The Wild Inside
IF I COULD reveal one particular thing about my way of thinking it would be this: I was a fourteen-year-old boy when that feral, panic-filled night ruined my ability to see the glass as half full. It’s still hard to talk about, but in terms of self-definition, nothing comes close to that crucial three-hour span of hellish time when the emotional freedom that comes from trusting the foundation one stands on would wither like a late-fall leaf. Up until then, my mom, Mary Systead, with her hazel eyes and dimples, a hospital pharmacist and a lover of self-help and pop-psychology books, had always ridden me about being a positive thinker, telling me that I had a bad habit of seeing the glass as half empty and that if I didn’t learn to overcome it, it would have a bad effect on my life. At the time, I had no idea what she was talking about. And later, I couldn’t imagine what could be more negative than what ended up happening: losing my dad and lying in the hospital for weeks like a heavy bag of sand, listening to the orderlies telling me how lucky I was not to have died.
But that desolate late-summer night all those years ago at Oldman Lake, the stuff of great sensationalism and freaky campfire stories, isn’t what’s interesting to me now. What is notable is my knack for glimpsing the dark intersection of good and evil in people and seeing how it can be traced back to that fateful period. Because, although this can be taken as positive thinking itself—and I’ll admit that traces of it creep
in—my critical nature has made me fairly decent at what I do, which is working as a special agent—we call it Series Eighteen-Eleven—for the Department of the Interior’s National Park Service.
Most people think of me as a glorified ranger because nobody ever imagines that crime occurs in the nation’s parks. But it does: drug manufacturing, cultivation and trafficking, illegal game trading, theft, arson, archeological vandalism, senseless violence, and, of course, homicide. Not to mention that the woods happen to be a great place to dump bodies. The United States has fifty-eight national parks with about eighty million acres of unpaved, unpopulated land. I and two guys from the department are trained to undertake homicide investigations and are stationed in the western region, which means our offices are in Denver so that we can cover numerous sites: Yosemite, Yellowstone, the Grand Tetons, Bryce Canyon, Glacier, Joshua Tree, Mesa Verde, Death Valley, the Great Sand Dunes, the Olympic Peninsula. . . .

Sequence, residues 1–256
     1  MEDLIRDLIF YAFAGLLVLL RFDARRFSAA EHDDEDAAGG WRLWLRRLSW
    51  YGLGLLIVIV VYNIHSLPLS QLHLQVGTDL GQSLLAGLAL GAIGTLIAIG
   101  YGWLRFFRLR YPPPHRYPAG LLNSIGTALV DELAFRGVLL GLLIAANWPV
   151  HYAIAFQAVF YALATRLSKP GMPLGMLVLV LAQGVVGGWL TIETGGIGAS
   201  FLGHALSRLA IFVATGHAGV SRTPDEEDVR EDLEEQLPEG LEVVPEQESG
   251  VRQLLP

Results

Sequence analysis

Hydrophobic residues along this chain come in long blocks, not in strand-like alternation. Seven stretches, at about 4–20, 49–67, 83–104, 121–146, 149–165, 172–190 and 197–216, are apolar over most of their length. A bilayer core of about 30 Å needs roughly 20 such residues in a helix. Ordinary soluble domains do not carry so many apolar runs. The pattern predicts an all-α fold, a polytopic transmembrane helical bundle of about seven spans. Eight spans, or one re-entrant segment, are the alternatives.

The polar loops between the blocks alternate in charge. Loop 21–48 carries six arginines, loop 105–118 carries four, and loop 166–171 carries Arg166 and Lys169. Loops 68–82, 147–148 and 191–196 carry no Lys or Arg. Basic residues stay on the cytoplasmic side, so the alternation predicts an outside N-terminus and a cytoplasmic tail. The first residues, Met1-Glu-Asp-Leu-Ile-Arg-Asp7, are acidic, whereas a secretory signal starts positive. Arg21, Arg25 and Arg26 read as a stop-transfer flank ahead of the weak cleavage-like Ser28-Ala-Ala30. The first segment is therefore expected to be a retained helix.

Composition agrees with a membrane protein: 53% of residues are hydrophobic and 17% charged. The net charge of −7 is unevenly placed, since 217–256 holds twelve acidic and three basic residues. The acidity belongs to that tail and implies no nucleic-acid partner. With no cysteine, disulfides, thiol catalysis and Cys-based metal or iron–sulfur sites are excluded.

Mostly, we work solo on cases, even homicides, since we have so much help from Park Police—they’re Series Double-O-Eight-Three. Sometimes, being assisted by Park Police is helpful, but sometimes it’s a pain in the ass since we’re not in the habit of working together and we often clash in the way we go about the little things. It’s the nuances, like knowing when to stay quiet, when to offer a small compliment, when to put on the unimpressed, bored look or to take the lead or to follow.
The other thing that can be traced to that night is my obsession with the grizzly. Ursus arctos horribilis. The grizzly was listed in 1975 as a threatened species in the lower forty-eight after being trapped and hunted to near extermination in the last century. One would think I’d be terrified of them, and here’s the deal: I am. In fact, I became a policeman after college, because even though I double-majored in criminology and forestry, I felt this fairly significant panic at the base of my sternum at the thought of being alone in the woods.
There’s a catch for me, though: when I read or know about one of
them getting shot by a hunter (always accidentally they claim) or getting euthanized for becoming too dependent on human garbage, I’m conflicted. I can’t tell if I’m pleased, sad, or pissed off. It’s as if each time one of these specimens, with their scooped, broad noses, cinnamon and silver-tipped coarse hair, eyes like amethysts, and the infamous hump protruding like a warning, is killed, either another piece of my father dies with them or he is given a small slice of justice. Over the years, I’ve become more and more intrigued, as if they’ve taken on some godly status. I’ve studied them from afar—reading everything I could get my hands on: mostly journals and published graduate theses on behavior, habitat use, and demography. After all, knowledge is power, and power helps alleviate fear.
So one could say that for a detective-slash-quasi-grizzly aficionado, I was heading into a perfect storm with this next case. And I could say this about the case as well: my torn recipe for positive thinking, with its already unpatchable shreds, would turn to jagged teeth, biting me even deeper than I thought possible.